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There are few things more unfortunate than a lottery jackpot winner who doesn’t get to enjoy their winnings. We can all recall the tales of lost tickets robbing people of the fortune they’re due. However, there are few stories sadder than that of Doctor John Sinclair. He’s the archetype of unlucky. Even the best lotto jackpot reviews on sites like Lotto Agent would agree. Dumfries Museum is thus renewing its memorial to this poor man, a memorial that includes his winnings.
We usually, in these rather materialistic and mercenary times, consider the best lottery jackpots to be paid in cash. Our dreams of winning the lottery tending to involve piles of filthy lucre. We picture ourselves Scrooge McDuck swimming in our good fortune. We have lists of things we’d buy if we were lottery jackpot winners. Cars, houses, holidays…..that list is all but endless now. However historically lotteries have not always been about money. Some were far less mercurial.
So, when people hear about Dr. John Sinclair for the first time they’re typically at first saddened and then puzzled. They hear that the basic story, which they understand entirely, then catch the part about his prize and frown. It is simple to accept that someone might die the day after winning the lottery. It’s unfortunate but we can all see how it might happen. A lottery jackpot winner might overindulge in all sorts of things. Sinclair, however, died in an accident not much richer.
“We do not recollect the sudden death of any young man which has been so generally lamented.”
- Dumfries Times – October, 1840
Lottery Jackpot Winner Dies In Traffic Accident……in 1840.
Dr. Sinclair was born in Dumfries and despite a career that took him away kept contact with his hometown. As a doctor in the Navy, he served in Portsmouth (the other end of the UK) which is where he died. He was, perhaps in celebration, out with friends for a meal when a vehicle struck his horse-drawn gig. Suffering from a severe concussion, he died several hours after the accident. Fate simply snuffing out the lottery jackpot winner leaving his winnings behind. They’re still there.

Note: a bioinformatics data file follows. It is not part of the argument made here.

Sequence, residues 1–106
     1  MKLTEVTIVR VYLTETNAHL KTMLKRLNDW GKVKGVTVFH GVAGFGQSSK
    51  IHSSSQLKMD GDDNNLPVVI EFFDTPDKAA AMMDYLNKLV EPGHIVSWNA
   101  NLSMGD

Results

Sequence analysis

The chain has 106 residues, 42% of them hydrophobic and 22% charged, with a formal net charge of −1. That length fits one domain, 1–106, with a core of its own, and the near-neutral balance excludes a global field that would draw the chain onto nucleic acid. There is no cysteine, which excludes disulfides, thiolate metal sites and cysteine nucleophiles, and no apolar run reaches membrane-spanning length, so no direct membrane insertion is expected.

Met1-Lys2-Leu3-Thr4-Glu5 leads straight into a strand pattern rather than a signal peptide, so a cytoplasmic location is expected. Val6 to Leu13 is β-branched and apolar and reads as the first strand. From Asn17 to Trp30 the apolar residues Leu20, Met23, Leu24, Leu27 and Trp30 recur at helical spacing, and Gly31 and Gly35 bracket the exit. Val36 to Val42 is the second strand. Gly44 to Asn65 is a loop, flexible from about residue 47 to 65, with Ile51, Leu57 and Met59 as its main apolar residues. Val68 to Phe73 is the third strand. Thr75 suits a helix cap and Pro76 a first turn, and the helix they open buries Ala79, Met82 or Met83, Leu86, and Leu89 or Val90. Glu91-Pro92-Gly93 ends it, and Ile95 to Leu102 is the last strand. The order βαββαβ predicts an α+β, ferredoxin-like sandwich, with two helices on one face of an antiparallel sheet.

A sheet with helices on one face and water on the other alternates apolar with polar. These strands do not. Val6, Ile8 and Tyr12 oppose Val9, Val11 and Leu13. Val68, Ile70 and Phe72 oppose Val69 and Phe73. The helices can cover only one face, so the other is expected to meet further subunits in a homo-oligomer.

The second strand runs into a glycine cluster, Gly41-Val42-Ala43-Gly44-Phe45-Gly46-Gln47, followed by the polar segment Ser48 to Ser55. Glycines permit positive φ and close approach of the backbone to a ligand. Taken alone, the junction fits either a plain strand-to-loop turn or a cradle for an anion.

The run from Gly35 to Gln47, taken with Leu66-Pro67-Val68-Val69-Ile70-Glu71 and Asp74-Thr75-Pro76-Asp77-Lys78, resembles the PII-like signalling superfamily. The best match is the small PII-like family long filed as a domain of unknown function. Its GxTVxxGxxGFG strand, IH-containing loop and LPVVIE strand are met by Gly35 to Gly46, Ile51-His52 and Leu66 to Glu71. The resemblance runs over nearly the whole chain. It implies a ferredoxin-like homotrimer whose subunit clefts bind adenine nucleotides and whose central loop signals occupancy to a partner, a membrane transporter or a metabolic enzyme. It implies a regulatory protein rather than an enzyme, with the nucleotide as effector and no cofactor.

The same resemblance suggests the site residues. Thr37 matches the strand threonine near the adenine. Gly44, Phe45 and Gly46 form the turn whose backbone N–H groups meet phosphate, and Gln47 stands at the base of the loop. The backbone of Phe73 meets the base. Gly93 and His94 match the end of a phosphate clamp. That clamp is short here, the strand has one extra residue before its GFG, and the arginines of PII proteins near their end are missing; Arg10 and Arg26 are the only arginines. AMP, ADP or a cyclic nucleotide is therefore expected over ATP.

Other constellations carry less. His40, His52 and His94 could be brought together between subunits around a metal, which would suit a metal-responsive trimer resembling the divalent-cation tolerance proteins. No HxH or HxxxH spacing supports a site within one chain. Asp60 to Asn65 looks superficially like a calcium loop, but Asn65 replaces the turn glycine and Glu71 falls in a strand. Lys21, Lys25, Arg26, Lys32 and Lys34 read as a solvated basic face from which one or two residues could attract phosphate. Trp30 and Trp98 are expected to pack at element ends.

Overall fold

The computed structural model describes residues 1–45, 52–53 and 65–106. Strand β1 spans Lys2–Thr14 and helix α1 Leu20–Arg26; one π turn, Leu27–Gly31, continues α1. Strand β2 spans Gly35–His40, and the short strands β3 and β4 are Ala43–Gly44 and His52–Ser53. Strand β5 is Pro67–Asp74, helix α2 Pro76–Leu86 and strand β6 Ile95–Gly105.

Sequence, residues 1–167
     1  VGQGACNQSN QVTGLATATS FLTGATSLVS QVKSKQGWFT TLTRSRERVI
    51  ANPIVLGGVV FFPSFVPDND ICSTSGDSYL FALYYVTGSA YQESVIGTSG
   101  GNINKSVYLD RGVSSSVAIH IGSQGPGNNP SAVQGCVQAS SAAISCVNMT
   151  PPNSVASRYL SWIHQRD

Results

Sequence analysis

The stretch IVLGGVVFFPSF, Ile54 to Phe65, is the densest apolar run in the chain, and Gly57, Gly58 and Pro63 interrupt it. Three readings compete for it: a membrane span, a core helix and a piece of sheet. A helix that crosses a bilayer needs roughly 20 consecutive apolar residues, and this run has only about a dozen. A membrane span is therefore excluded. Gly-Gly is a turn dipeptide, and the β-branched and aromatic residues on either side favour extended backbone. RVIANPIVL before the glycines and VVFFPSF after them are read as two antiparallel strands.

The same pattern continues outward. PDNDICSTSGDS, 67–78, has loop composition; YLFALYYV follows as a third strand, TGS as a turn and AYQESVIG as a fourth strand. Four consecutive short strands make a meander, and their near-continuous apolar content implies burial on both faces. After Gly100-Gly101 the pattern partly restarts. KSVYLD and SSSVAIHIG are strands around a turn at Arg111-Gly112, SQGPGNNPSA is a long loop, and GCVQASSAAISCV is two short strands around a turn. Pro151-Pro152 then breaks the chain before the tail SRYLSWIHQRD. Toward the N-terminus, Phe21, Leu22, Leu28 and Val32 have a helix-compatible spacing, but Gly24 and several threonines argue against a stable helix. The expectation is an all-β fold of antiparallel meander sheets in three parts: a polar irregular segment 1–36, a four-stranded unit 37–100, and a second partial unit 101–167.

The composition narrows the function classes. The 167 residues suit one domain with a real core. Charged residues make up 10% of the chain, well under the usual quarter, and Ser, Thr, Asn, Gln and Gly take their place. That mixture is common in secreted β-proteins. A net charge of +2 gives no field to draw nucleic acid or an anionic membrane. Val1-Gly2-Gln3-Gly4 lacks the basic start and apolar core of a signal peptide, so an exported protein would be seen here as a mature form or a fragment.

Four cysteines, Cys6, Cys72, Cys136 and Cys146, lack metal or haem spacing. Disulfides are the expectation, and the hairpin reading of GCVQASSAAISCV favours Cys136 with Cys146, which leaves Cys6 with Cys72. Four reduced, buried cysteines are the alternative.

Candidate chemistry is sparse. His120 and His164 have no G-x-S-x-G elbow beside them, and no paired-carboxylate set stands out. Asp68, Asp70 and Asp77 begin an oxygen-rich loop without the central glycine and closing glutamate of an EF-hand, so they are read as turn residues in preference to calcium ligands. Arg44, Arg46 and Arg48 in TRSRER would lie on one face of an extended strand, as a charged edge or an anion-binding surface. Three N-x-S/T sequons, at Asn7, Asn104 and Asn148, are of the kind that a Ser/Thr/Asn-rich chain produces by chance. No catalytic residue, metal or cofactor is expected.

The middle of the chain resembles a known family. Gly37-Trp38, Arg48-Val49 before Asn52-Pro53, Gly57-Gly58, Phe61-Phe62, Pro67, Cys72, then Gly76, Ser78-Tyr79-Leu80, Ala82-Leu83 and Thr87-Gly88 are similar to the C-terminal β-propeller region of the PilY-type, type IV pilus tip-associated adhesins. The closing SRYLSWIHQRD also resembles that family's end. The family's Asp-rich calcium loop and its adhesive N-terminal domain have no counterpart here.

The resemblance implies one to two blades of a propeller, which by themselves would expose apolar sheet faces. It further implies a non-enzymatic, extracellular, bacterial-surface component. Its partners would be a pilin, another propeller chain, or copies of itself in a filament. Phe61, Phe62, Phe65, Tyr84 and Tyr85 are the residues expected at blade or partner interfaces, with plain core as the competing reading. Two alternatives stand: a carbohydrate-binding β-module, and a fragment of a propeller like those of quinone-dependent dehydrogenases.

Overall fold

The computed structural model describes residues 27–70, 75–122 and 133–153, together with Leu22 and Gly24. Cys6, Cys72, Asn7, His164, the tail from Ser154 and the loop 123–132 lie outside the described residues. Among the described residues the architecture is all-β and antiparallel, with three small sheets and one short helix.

Instinctively this sounds wrong. We’re so used to the best lottery to play having a cash prize we overlook that sometimes they don’t. 180 years ago in Dumfries, for instance, the six-penny stake did not grant you a chance to win money, but art. In this case a pair of statues by a local artist. This, I feel, says much about the sort of lottery jackpot winner you got 180 years ago. I wonder how many modern winners would have somewhere to put a pair of large hand-carved stone statues.
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The prize of our unlucky lottery jackpot winner depicted a reclining man and his pony. It is not a small installation. A portrayal of Old Mortality, one Robert Paterson of sculpture fame, it seems an odd sort of win. At least it does to our 21st-century eyes. Of course, unlike wins paid off in cash, our 21st-century eyes can at least still see these statues. The Dumfries Museum, in accordance with the wishes of the relatives of our lottery jackpot winner, preserved them.
The memorial to our lottery jackpot winner is an octagonal structure surrounding the two statues. It lies within the grounds of the museum and they will now repair that structure. This will make it a far nicer place to visit and is a fitting tribute to the city’s most unlucky lottery winner. Those of us more accustomed to progressive jackpot lotteries may find it sad he won and died. We may puzzle over his winning statues in the first place. However, unlike cash winning his have endured.
We take a look at the unlucky lottery jackpot winner who died in a traffic accident after winning the draw 180 years ago.